Project launches Jan. 15
January 2, 2015
Being involved in a project that requires collective participation to be successful inspires Mary Christa Smith.
Smith is the project manager for Summit Community Power Works (SCPW), the local non-profit organization responsible for Summit County and Park City’s attempt to bring home the $5 million Georgetown University Energy Prize.
The competition will measure residential and municipal consumption of electricity and natural gas during the next two years.
"To be involved in something where we can tap that community energy and bring together people’s good will in a way that makes a difference is the greatest sense of satisfaction that I know," Smith said.
Georgetown University will make the official announcement on Jan. 14 of who will be invited to compete as a semi-finalist for the main prize in the national energy-saving competition. SCPW will then formally launch the project on Jan. 15. The competition runs from January 2015 to December 2016.
"I think the announcement is important because it energizes us collectively across the
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nation," Smith said. "Georgetown University is looking to create a big change in the way people think about and consume energy. This is simply the catalyst and the communities moving forward over the next two years bring together not only the energy of those communities, but the nation."
Those involved with the project have said it will go forward regardless of whether Summit County remains in the competition.
SCPW’s goal for 2015 is to reduce county-wide electric and natural gas consumption by 20 percent "through the use of smart technology initiatives including LED lights, smart controls, weatherization, and renewable energy," according to the SCPW website.
The project has been met with great enthusiasm throughout the community as people want to participate in "something bigger than themselves," Smith said.
"There is a community spirit that I can sense amongst the excitement to participate," she said. "Yes they want to save money, but the big motivator and excitement has come from the opportunity of one big effort from everyone in the county. That’s what lights people up inside."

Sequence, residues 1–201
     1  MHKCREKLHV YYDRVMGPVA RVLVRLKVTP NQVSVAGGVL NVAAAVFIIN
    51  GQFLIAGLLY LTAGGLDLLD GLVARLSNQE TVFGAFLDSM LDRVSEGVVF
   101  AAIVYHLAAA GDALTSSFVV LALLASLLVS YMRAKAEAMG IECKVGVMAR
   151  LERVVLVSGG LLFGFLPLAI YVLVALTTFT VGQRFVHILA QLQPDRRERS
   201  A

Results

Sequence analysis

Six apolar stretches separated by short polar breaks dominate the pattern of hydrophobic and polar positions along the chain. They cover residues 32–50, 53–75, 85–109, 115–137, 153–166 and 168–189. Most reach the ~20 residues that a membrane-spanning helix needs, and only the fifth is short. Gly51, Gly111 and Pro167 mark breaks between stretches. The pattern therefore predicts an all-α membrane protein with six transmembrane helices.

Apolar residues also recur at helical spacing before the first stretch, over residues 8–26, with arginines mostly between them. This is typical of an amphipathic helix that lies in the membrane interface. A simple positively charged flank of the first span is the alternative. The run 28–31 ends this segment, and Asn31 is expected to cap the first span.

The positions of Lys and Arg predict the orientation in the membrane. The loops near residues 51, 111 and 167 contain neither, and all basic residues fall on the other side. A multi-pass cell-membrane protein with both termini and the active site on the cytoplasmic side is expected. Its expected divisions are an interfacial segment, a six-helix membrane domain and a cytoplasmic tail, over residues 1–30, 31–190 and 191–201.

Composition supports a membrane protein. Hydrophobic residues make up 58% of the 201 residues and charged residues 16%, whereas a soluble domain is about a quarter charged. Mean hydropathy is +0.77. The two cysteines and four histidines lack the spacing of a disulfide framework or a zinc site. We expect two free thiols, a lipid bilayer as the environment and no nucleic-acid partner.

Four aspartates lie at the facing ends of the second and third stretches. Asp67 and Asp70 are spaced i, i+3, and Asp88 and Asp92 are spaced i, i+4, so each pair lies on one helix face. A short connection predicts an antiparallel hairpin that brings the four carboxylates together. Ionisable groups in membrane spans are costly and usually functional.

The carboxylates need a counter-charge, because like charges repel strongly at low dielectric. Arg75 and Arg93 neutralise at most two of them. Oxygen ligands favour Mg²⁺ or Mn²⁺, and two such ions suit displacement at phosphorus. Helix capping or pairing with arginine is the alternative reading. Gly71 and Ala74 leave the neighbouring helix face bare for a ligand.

This month, in partnership with Rocky Mountain Power, SCPW is launching an Light Emitting Diode (LED) program initiative focused on light efficiency.
"We’ve been getting our LED action plan up and running and we have created a chart that we are having printed right now that asks residents to count their LED light bulbs and calculate your savings," Smith said.
SCPW is also in the process of creating curriculum for local schools that will use the LED action plan in conjunction with the course standards for teachers.
"We are meeting with the faculty of the South Summit school district in the first two weeks of January and we’re also meeting with all of the principals in the Park City district," Smith said.
SCPW has met with local organizations and clubs in an outreach effort that has been going on the past few weeks and will continue into the coming months.
"The initial response I get has been very positive and have had people come forward to volunteer," Smith said. "We hope to learn a lot about what’s working and where the challenges and opportunities lie as we roll it out to the broader community, so we can be more skillful in our approach."
Kamas Mayor Lew Marchant said, as the program is launched the city will be interested in finding ways to become involved.
"We are certainly one of those communities that are in favor of doing what we can to conserve energy," Marchant said. "We will definitely support and be part of that as the organization gets everything to come together and we will support it and do what we can."
Park City Environmental Coordinator Matt Abott said the project is ahead of schedule and progressing as planned.
"We have all of our ducks in a row and I’m curious to start to see how we are going to gain traction and what is going to work and what is not going to work," Abott said.
SCPW is a Park City Community Foundation project that has partnered local entities, including the school districts and municipalities, with 15 organizations throughout the community and state to reduce energy consumption.
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